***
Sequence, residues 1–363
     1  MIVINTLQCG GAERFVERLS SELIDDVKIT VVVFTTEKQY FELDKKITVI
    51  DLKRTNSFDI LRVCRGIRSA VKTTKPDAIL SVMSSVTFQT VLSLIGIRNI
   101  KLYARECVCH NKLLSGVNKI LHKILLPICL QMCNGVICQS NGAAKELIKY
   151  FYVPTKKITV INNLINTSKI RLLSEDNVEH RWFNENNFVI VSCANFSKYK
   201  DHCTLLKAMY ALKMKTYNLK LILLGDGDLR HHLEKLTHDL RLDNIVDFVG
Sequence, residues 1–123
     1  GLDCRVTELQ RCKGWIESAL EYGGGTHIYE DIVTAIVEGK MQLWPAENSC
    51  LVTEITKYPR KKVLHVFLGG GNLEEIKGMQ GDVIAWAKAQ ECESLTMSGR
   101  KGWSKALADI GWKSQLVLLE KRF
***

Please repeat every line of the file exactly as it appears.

Sequence, residues 1–363
     1  MIVINTLQCG GAERFVERLS SELIDDVKIT VVVFTTEKQY FELDKKITVI
    51  DLKRTNSFDI LRVCRGIRSA VKTTKPDAIL SVMSSVTFQT VLSLIGIRNI
   101  KLYARECVCH NKLLSGVNKI LHKILLPICL QMCNGVICQS NGAAKELIKY
   151  FYVPTKKITV INNLINTSKI RLLSEDNVEH RWFNENNFVI VSCANFSKYK
   201  DHCTLLKAMY ALKMKTYNLK LILLGDGDLR HHLEKLTHDL RLDNIVDFVG
Sequence, residues 1–123
     1  GLDCRVTELQ RCKGWIESAL EYGGGTHIYE DIVTAIVEGK MQLWPAENSC
    51  LVTEITKYPR KKVLHVFLGG GNLEEIKGMQ GDVIAWAKAQ ECESLTMSGR
   101  KGWSKALADI GWKSQLVLLE KRF